So where do students start? In Shell’s course, it begins with students looking at themselves, particularly how they see themselves and how they define success itself. From there, the course progresses into the larger world, with formal testing and guided reflection held to help student discover their unique talents — which often translate into the passions that can bring fulfillment. “Success starts with the things you do better than most,” says Shell in Fast Company. “It usually resides in the unique combination of capabilities you bring to what you do. The future opens up when your past interests, experiences, and skills start resonating perfectly with an opportunity you find in the present.”

In this way, students are able to find motivation and meaning, which brings connection, reward, and ultimately happiness (for a time, at least). “While some people measure their success primarily in terms of achievements – and others specifically in terms of inner satisfaction and fulfillment – most of us seek some kind of balance between the two,” Shell adds in Fast Company. “I try to help people accept both the inner and the outer aspects of success so they can toggle between them in the way that best suits their personalities and values.”


‘You must first master yourself before you can manage others,’ is a famous business adage. While the Success MOOC  will help students with the former, August is packed with other free online courses designed to sharpen their skills in communication, decision-making, and managing conflict.

The University of Michigan, for example, is re-opening its Influencing People MOOC. Co-taught by the dean at the Ross School of Business, this course is a primer on how to build trust and buy-in regardless of where someone sits in the org chart. The head of Wharton’s executive education program will also be co-teaching Optimizing Diversity on Teams, which outlines strategies for creating a sense of shared mission and collaboration on far-flung teams from different backgrounds and nationalities.  For a 30,000 foot view, Stanford jumps into the act with Organizational Analysis, ranked among the best Coursera MOOCs ever in terms of attendees and positive reviews. If you want a spot in the c-suite, you’d better know something about the law. That base is covered by Harvard University in Contract Law: From Trust to Promise to Contract, a MOOC geared specifically for non-attorneys who need to understand the basics of contracts in particular and the legal process as a whole.

Those aren’t the only courses sure to brighten up the dog days of summer. Considering that finance is the language of business, you won’t find a more valuable course that Wharton’s Introduction to Spreadsheets and Models, which codifies the fundamentals that prepare students for more robust and complex modeling. With analytics being the rage, Wharton also addresses the topic of measuring internal employee performance in a variety of contexts through People Analytics. Trying to figure out how to squeeze a few extra dollars during the fourth quarter rush? IE Business School has you covered with Pricing Strategy. Let’s not forget The Global Financial Crisis, an ongoing Yale course that boasts former U.S. Treasury Security Tim Geithner as a co-teacher.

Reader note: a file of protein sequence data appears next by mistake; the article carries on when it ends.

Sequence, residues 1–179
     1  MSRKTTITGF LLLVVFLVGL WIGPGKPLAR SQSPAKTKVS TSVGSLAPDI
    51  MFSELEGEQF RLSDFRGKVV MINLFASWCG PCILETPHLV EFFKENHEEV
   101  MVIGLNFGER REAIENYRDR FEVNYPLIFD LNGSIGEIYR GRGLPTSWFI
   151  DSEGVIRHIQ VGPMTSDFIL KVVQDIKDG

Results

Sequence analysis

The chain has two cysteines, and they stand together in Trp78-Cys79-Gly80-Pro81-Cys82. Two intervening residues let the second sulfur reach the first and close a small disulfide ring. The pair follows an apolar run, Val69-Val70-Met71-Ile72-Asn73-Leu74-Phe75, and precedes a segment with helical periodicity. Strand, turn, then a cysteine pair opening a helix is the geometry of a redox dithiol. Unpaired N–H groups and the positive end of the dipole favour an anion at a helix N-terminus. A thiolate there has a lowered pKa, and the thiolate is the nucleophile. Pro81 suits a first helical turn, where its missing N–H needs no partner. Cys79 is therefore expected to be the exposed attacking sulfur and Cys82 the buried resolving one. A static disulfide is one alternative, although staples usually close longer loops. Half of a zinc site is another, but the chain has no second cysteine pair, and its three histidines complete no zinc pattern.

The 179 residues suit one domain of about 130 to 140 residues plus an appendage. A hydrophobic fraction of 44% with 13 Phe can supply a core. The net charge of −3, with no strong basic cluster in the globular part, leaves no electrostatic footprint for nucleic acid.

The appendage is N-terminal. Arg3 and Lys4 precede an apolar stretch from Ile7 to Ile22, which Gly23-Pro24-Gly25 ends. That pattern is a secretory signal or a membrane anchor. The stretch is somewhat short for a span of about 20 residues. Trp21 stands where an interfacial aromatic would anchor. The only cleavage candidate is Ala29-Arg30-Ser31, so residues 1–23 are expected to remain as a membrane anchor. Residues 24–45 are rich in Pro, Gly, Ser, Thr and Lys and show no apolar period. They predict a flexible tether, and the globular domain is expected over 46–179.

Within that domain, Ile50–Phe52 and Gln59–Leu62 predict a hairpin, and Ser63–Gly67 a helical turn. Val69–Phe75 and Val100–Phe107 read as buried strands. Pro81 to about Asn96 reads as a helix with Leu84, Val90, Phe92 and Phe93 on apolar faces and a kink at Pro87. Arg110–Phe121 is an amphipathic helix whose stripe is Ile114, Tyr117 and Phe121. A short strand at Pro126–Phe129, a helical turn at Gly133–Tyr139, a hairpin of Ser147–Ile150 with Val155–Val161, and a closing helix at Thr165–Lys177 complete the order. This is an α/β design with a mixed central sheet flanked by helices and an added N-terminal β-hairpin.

To learn more about these courses – and register for them – click on the links below.


Success / August 7 / Wharton School

Corporate Strategy / July 31 / University of Illinois

Influencing People / July 31 / University of Michigan

Organizational Analysis / August 14 / Stanford University

Optimizing Diversity on Teams / July 31 / University of Pennsylvania

Recruiting, Hiring, and Onboarding Employees / July 31 / University of Minnesota

Leadership and Influence / August 14 / University of Illinois

Process Improvement / August 2 / University of Illinois

Contract Law: From Trust to Promise to Contract / Self-Paced / Harvard University

The Age of Globalization / August 26 / University of Texas



People Analytics / July 31 / Wharton School

Pricing Strategy / July 31 / IE Business School

Gamification  / August 14 / Wharton School



Global Financial Crisis / August 14 / Yale

Principles of Valuation: Risk and Return / August 14 / University of Michigan

Introduction to Spreadsheets and Models / July 31 / Wharton

Global Financial Markets and Instruments / July 31 / Rice University



Entrepreneurship 2: Launching Your Startup / July 31 / Wharton School

Structure: Building the Frame for Business Growth / August 14 / Michigan State

Unleashing the Impact of your Social Enterprise / August 14 / Copenhagen Business School